Similarly stated in Western Australia‟s and New South Wales‟s guidelines, a place is deemed to be of socially significance if it has strong or special association with a
particular community or cultural group in the area for social, cultural, educational or spiritual reasons (HCWA, 2012; NSW Heritage Office, 2011). To continue, such places do not have to be valued by the whole community to be significant as the term community here may be defined by ethnic background, religious belief or profession.
On the contrary, English Heritage (2008) holds that social value is closely associated to an activity and may have no direct relationship to any other values that have been ascribed to a place. Other heritage values such as evidential, townscape and spiritual values are very much dependent on the survival of physical fabric. The opposite however applies for social values. As argued by Feilden (2005), social values are largely covered by emotional values such as the wonder, identity, continuity, respect or veneration, and symbolic and spiritual value. The latter depend upon cultural awareness.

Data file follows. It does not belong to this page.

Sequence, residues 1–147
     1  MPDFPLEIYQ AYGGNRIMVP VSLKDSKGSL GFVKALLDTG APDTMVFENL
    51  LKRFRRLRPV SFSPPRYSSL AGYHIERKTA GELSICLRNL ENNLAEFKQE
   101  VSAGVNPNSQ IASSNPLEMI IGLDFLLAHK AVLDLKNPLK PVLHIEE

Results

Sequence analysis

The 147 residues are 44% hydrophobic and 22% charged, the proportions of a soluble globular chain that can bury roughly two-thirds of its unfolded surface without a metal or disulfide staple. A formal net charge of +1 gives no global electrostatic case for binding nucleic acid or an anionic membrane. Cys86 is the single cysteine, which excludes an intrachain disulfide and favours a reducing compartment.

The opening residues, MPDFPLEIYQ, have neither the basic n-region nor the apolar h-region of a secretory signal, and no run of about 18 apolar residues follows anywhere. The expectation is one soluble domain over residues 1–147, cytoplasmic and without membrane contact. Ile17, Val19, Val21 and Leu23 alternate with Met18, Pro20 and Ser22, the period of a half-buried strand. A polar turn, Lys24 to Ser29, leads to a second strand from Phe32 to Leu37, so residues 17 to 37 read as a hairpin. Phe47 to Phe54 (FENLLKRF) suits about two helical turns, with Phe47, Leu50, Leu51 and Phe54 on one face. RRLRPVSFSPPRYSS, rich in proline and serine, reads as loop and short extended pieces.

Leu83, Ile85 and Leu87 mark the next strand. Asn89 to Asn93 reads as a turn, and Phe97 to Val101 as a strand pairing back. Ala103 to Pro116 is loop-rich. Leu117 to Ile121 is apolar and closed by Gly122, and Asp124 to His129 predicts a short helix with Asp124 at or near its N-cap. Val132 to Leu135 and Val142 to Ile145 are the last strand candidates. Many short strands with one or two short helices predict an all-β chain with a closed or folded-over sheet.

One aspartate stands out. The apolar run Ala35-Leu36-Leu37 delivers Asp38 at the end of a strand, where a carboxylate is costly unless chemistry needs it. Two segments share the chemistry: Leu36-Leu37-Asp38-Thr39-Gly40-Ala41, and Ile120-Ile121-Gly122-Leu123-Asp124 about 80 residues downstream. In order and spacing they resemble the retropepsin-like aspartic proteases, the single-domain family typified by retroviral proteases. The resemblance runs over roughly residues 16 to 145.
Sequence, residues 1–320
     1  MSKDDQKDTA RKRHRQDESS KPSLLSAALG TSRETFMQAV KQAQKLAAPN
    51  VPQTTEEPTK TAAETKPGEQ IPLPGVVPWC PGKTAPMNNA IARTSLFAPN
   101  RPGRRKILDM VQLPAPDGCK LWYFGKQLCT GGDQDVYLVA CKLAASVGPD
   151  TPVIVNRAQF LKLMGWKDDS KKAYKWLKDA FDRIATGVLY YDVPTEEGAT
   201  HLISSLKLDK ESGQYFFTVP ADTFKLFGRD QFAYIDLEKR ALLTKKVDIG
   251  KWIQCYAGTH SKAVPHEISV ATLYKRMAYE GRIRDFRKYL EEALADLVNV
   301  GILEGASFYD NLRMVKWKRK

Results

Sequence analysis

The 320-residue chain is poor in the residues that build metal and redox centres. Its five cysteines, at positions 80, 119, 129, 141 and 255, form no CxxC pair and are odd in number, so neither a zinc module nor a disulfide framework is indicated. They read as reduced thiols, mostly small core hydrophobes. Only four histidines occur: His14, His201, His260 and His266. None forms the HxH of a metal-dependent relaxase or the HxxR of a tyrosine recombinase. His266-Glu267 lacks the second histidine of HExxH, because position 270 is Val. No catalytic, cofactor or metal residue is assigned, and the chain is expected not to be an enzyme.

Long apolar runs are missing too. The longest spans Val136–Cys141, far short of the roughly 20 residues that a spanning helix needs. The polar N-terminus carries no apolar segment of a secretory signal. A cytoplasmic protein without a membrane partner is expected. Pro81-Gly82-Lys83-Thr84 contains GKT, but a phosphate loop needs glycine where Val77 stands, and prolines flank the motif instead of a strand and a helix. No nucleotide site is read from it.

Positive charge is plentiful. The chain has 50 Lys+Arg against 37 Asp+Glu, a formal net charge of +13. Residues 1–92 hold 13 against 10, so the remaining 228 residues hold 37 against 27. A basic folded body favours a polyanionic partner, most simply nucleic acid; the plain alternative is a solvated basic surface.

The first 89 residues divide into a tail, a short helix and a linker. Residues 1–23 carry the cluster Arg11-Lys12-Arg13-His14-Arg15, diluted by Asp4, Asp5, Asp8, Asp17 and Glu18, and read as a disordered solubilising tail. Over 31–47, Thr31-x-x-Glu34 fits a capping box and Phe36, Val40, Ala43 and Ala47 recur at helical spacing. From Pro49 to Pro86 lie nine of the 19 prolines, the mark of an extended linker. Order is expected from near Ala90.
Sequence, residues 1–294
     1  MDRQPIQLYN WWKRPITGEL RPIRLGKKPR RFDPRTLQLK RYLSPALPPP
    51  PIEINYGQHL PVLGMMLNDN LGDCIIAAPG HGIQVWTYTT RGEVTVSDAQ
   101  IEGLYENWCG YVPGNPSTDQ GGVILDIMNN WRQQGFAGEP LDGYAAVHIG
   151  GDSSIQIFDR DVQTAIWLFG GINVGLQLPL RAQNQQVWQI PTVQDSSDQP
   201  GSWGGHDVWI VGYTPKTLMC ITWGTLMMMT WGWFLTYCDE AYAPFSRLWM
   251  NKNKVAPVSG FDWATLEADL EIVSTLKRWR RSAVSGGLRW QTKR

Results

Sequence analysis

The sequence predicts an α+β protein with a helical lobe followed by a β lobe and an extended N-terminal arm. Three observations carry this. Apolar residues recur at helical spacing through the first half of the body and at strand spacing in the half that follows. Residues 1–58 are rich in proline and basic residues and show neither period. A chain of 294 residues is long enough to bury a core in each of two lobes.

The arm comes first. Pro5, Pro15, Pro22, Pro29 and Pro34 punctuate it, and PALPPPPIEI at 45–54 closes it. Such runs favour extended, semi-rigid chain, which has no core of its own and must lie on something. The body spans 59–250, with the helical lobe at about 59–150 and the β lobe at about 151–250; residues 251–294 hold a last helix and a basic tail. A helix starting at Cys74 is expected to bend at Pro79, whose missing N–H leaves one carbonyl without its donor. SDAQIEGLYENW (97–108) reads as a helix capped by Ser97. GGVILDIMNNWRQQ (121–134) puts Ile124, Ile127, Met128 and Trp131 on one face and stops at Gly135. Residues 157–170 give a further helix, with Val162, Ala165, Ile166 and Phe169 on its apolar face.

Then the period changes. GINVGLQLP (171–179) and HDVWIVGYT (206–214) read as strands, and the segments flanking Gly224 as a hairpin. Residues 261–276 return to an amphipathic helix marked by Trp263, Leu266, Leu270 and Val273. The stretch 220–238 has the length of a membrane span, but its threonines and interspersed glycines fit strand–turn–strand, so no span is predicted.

Each place often has many moments of achievement and of frustration to be recalled by particular community. Both may derive social value but the later would rather be overlooked as they often favor rosier experience or memories (Pearson & Sullivan, 1995). Another potential problem related to this value is observed when places that are not forming part of the outstanding example of its type, or absence of its historical associations are taken as excuses for such places to be regarded as socially valuable (Pearson & Sullivan, 1995). Simply that they are not currently accessible to the people or that they are not part of the sense of place that the community may be striving to retain. Indeed, as Mason (2002) suggests, social value can accrue in a way that heritage site is use for activities that are not necessarily vis-à-vis historical values of the site.